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Older adults didn’t grow up with computers and the Internet. Whereas today’s teenager or young adult has experienced computers since birth and early childhood, the computer and the web are relatively new inventions for older adults. For this reason, teaching seniors how to use a computer and navigate the web requires a comprehensive approach.
Computer Skills: Children vs. Seniors
If you’ve ever watched a room full of children interact with computers, you’ve noticed that they jump to the task. They are many steps ahead of you and do not hesitate to push the keyboard buttons and move the mouse. This is in direct contrast to older adults who constantly ask, “Is it okay if I click on this?”
Children are fearless in regards to computers because they do not realize the consequences. Adults, on the other hand, are afraid that they will cause some kind of damage or create a problem they don’t know how to fix.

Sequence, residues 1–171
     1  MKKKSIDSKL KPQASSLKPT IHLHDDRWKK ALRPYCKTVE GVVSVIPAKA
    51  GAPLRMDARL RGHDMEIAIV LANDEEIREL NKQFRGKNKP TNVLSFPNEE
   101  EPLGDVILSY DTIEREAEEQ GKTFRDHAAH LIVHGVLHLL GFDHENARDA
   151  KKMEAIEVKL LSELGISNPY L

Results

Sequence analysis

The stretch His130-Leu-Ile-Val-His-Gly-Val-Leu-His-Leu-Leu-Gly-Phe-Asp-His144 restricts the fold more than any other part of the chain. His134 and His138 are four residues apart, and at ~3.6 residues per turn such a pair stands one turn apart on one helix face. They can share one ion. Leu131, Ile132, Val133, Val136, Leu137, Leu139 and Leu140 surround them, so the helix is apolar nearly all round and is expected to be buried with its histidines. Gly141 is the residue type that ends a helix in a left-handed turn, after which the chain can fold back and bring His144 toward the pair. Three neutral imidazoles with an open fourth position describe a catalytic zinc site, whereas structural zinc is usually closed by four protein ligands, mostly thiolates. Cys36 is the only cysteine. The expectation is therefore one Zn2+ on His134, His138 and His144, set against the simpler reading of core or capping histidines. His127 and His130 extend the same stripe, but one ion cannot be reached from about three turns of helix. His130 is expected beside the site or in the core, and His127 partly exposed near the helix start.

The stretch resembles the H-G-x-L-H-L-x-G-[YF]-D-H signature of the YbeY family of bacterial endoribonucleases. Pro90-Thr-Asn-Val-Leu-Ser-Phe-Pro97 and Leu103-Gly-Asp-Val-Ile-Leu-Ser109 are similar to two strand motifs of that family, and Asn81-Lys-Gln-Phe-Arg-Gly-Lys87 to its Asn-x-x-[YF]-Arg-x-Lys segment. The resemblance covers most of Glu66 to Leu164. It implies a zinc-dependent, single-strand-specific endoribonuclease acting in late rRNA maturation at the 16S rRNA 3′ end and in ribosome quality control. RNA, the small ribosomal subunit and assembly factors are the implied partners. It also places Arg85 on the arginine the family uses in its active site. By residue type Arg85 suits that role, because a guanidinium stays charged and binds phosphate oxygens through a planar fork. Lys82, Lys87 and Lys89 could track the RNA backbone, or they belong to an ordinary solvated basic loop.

Breaking Things Down
When teaching adults how to use a computer, break down all steps to their smallest components. Don’t take for granted that they will know the meaning of “right-click.” Explain how to use a mouse and the difference between right- and left-clicking. Computer terminology such as “desktop” and “tool bar” should also be explained.
Repetition is Key
Adults often need to practice their computer skills repeatedly before the steps become second nature. Instruct the adult(s) you’re teaching to take notes. Provide screen shots of computer images so that when they are going through the steps without you present, they have visual tools to guide the way.